Hard Drive Size Could Increase Exponentially Soon

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Tiny hard driveHard drives keep adding more and more platters, but there will come a time when no more platters will stack, and no more data can be squished onto our standard 3.5″ drives. While many people are moving to flash storage, at least for their system drives, you simply can’t beat the economy of the physical hard drive.

Now, with the discovery of a formerly theoretical particle, we can pack 20 times the data into the same space that’s starting to get seriously crowded today. This comes via Nature:

Scientists have finally created a long-theorized particle called the skyrmion. The best way to imagine a skyrmion is to think of a magnetic field that resembles a twisted vortex of atoms. In a normal particle, the charges of the atoms all line up in the same direction, but in a skyrmion, they’re arranged in these little twister shapes that also happen to be quite stable. You can move them around and shake them up, but they won’t come untwisted.

This is where they come in handy for data storage. Information is burned onto a hard disk by turning the magnetic north poles of normal clusters of atoms up or down to denote a “one” or a “zero,” a digital bit. But if you push these particles too closely together, the magnetic fields begin to interfere with each other and scramble the data. This doesn’t happen with skyrmions. Because of that unique vortex shape, you can squeeze the particles super close together, and the magnetic state of each bit will remain stable.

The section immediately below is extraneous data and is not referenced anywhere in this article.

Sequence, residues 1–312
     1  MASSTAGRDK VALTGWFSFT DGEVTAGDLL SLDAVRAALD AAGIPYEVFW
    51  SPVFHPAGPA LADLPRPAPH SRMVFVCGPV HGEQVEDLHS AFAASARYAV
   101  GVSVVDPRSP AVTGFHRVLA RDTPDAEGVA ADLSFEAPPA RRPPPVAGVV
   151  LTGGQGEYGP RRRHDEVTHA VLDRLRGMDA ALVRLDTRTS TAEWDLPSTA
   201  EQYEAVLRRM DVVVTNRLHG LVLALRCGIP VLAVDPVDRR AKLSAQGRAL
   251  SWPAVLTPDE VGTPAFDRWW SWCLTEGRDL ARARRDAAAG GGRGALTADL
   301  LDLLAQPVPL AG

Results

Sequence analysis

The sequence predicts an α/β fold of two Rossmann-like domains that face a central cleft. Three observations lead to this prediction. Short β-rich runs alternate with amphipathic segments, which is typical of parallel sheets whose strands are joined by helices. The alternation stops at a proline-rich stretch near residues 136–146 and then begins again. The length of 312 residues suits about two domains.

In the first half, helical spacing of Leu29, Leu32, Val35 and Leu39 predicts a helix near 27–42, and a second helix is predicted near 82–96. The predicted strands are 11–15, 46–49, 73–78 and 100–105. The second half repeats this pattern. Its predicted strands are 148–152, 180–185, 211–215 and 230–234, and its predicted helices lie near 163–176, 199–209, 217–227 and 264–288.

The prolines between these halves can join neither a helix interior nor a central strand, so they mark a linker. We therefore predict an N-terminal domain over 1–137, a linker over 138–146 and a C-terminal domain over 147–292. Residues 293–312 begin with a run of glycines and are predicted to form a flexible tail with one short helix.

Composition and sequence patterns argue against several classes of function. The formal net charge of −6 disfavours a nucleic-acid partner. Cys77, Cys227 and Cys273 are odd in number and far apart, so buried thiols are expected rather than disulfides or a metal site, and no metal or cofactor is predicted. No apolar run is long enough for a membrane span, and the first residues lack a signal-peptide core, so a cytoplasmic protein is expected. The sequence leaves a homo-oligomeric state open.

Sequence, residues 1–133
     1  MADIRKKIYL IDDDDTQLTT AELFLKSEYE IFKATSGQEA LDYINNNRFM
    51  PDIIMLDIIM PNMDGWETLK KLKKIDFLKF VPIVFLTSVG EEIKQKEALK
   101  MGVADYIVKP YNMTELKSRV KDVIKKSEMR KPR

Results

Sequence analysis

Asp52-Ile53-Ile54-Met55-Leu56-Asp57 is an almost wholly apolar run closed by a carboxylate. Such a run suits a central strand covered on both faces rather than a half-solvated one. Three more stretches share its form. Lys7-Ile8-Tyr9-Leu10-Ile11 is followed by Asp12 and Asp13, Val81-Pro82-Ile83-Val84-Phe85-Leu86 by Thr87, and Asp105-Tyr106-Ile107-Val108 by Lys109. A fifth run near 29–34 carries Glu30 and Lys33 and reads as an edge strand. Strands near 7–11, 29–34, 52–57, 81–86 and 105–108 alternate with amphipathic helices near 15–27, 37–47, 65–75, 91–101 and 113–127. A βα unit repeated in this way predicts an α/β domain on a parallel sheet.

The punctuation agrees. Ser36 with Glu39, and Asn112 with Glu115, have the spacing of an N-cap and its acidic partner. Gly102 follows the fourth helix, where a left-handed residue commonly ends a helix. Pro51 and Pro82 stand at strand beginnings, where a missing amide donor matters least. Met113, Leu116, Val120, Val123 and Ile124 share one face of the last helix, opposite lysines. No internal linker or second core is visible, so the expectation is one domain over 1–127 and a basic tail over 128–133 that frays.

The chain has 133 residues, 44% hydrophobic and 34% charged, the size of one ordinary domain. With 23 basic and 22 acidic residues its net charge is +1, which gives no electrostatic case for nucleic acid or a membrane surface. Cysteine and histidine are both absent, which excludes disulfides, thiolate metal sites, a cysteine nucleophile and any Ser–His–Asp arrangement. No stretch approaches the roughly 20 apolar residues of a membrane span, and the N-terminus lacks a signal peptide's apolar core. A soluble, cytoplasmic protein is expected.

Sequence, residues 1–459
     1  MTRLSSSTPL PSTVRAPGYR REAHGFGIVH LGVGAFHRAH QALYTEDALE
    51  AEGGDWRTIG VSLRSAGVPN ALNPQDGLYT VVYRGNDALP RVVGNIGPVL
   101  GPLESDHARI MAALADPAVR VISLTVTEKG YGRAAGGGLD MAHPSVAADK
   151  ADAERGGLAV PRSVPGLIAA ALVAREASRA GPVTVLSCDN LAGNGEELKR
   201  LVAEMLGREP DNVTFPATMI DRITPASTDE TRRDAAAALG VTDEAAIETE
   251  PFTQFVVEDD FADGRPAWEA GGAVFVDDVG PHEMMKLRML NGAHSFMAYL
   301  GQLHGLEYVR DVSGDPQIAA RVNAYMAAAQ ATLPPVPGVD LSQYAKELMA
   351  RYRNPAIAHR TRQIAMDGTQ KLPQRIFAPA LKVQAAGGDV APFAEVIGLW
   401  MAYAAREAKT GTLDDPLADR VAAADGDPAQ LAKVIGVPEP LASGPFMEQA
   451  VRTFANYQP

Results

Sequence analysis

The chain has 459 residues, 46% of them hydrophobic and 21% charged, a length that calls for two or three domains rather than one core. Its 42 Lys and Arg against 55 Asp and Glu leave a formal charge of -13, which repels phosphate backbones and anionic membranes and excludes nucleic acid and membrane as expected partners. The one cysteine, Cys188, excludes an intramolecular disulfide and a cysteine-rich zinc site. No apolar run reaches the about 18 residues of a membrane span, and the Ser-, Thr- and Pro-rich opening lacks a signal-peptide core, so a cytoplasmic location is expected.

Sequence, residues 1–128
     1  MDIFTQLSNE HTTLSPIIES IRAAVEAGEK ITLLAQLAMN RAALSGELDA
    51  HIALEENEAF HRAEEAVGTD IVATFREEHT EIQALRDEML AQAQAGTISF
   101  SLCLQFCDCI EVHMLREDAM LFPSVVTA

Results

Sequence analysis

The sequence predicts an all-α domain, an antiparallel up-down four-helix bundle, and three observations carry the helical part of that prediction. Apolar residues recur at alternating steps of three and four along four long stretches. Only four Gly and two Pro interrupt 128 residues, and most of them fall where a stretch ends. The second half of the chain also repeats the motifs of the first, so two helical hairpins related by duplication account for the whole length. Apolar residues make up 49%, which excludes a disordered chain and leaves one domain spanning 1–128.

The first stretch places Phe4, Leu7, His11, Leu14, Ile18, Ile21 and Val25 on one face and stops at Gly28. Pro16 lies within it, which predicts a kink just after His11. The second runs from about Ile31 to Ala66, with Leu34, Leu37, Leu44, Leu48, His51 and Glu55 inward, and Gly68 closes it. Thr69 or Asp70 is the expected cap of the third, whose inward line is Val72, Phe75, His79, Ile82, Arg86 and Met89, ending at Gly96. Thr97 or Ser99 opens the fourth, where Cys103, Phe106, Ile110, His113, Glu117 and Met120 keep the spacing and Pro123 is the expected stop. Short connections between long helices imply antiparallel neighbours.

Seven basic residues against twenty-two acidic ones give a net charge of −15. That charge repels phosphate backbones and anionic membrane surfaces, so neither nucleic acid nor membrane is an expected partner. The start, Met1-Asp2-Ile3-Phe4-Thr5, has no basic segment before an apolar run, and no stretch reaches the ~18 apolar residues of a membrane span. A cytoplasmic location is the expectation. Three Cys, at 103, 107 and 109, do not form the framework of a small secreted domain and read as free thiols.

It’s going to be years before we see one of these drives, maybe even a decade, but at least we now know there’s a good future in the mechanical drive for years to come.

Still, though, the most interesting increase in storage capacity recently comes from the solid state arena. Crossbar has recently introduced a new RRAM (resistive RAM) technology that will hold one terabyte of data on a single 200mm2 chip, using 20 times less power than the NAND memory currently used in solid state hard drives, with ten times the durability and write speeds that are 20 times faster. And according to, it isn’t far from market:

Best of all, this may be a technology not far from our consumer devices. Crossbar announced that they have developed a working RRAM array at a commercial fab, meaning this is fairly well along the development path.

Via: [Nature] and []

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